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Last Updated: Friday, 8 July, 2005, 21:45 GMT 22:45 UK
In quotes: reaction to G8 outcome
Scottish politicians, aid workers and campaigners have been giving their reaction to the outcome of the G8 summit at Gleneagles.

MONICA NAGGAGA, OXFAM UGANDA

The communique can only be described as a disappointment.

It agreed to increase aid to the poorest countries so that they get an extra $50bn a year - but not until 2010.

That's five years away. This isn't anywhere near the breakthrough that would be needed if millions are going to break out of poverty.

The G8's aid increase could save the lives of five million children by 2010: but 50 million children's lives will still be lost because the G8 didn't go as far as they should have done.

FIRST MINISTER JACK MCCONNELL

The people of Scotland had made clear they wanted change for Africa.

The decisions for Africa on debt and aid are very significant, and there has been a good start on trade.

I am very proud these decisions have been taken in Scotland.

JOHN LANCHBERY, RSPB

We haven't made any progress but at least we haven't gone backwards which was what we feared.

The US was inevitably the sticking point. President Bush has refused to heed worldwide calls for measures to tackle climate change despite his own scientists and some Republican politicians demanding action too.

Now it is time to look ahead to what the UK can achieve through its EU presidency and to what international negotiators can accomplish at the next climate change talks in Montreal in December.

ALEX SALMOND, SCOTTISH NATIONAL PARTY

This is a long way short of historic. It will not make poverty history and is well short of the paradigm shift that is required.

We need a delivery mechanism so we actually get what is promised and a realisation that what is on offer doesn't meet the scale of the problem.

It is disappointing that concrete proposals on climate change have not been agreed.

There is both a pressing need and a real opportunity for action and the G8 leaders have set their ambitions too low.

SHIONA BAIRD, GREEN PARTY

It is really disappointing that G8 nations have failed to listen to the clamour for more urgent action.

We had little faith in the first place but there was always a ray of hope given the unprecedented demand for change from all over the world.

There may be some crumbs of comfort and some positive language about future meetings, but given the sheer scale of the challenges of climate change and poverty today's statements are hardly adequate.

PAUL CHITNIS, SCOTTISH INTERNATIONAL AID CHARITY SCIAF

We welcome a commitment to increase aid to $50 billion by 2010 but this falls short of demands to do this immediately. Increasing aid to these levels now rather than in five years could save millions of lives.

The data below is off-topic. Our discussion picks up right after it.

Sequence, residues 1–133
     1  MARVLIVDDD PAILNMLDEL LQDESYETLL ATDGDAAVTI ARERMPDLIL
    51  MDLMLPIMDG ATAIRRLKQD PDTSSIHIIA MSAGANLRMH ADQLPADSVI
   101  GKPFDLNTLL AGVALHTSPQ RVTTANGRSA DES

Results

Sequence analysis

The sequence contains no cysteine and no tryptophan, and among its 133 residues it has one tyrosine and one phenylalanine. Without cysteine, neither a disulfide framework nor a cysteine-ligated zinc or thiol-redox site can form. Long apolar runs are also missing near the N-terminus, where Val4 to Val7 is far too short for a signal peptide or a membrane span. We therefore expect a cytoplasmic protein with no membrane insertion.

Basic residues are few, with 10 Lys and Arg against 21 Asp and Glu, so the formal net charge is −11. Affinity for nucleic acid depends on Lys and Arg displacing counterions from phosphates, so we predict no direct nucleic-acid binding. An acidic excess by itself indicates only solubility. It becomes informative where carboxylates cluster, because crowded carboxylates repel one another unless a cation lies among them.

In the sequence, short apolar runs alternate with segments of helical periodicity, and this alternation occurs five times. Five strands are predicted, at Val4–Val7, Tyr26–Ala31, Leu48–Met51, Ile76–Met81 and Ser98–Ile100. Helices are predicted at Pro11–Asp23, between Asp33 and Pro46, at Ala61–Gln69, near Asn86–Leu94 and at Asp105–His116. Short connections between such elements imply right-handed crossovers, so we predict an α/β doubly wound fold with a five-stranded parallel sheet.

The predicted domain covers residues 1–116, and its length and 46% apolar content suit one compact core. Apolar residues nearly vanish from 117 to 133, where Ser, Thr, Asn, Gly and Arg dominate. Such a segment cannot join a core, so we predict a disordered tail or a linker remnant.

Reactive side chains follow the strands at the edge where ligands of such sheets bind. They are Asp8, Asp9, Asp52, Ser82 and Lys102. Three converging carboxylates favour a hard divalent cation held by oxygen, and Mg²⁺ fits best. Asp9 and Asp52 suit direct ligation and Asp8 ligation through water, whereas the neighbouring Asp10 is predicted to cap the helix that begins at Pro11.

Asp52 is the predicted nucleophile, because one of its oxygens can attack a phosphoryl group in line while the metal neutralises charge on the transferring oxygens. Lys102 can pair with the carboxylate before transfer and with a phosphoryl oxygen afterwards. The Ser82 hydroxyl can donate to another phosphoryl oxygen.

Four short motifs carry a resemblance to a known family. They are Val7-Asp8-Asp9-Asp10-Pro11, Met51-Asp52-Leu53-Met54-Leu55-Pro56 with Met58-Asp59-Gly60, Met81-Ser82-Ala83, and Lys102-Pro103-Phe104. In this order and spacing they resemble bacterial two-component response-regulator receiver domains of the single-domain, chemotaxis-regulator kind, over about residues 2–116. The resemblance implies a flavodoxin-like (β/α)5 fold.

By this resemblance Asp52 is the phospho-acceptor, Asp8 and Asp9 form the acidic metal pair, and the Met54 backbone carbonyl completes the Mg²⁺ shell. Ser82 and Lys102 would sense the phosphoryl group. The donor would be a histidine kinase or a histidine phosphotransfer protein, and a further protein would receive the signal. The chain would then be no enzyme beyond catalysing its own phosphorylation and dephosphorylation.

We are also still calling on rich countries to finally deliver on their 35-year-old promise to give 0.7% of national income to fund international development.

Global trade rules currently condemn millions to modern day economic slavery.

If poor countries are ever to work their own way out of poverty, changes must be made.

TONY JUNIPER, FRIENDS OF THE EARTH INTERNATIONAL

This is a very disappointing finale. The G8 have delivered nothing new here and the text conveys no sense of the scale or urgency of the challenge.

Bush appears to have effectively stalled all progress. The action plan, without any targets or timetables, will deliver very little to reduce emissions, or to roll out renewables to the scale required.

G8 countries currently represent 45% of global emissions of greenhouse gases, but have just 13% of the world¹s population.

The plan of action issued as part of the statement today contains no targets, timetables or committed funding to address the challenge of climate change.

ROBERT FORREST, RENEWABLE ENERGY COMPANY GREENPOWER

The G8 leaders have promised dialogue on climate change but that is not good enough; we want action now.

The G8 has finally acknowledged what environmentalists have being saying for years - that global warming is a serious challenge but, without setting tangible targets for reducing carbon emissions and taking action now, these are empty words.

"Our leaders have failed to recognise that there is a tremendous public desire for governments to take action to stop climate change.

BOB GELDOF

Never before have so many people forced a change of policy onto a global agenda.

If anyone had said eight weeks ago will we get a doubling of aid, will we get a deal on debt, people would have said 'no'.

Ten out of 10 on aid, eight out of 10 on debt.

BONO

Six hundred thousand Africans, mostly children, will remember this G8 submit at Gleneagles because they will be around to remember this summit, and they wouldn't have otherwise.

JOHN LANCHBERY, RSPB

We haven't made any progress but at least we haven't gone backwards which was what we feared.

The US was inevitably the sticking point; President Bush has refused to heed worldwide calls for measures to tackle climate change despite his own scientists and some Republican politicians demanding action too.

Now it is time to look ahead to what the UK can achieve through its EU presidency and to what international negotiators can accomplish at the next climate change talks in Montreal in December.



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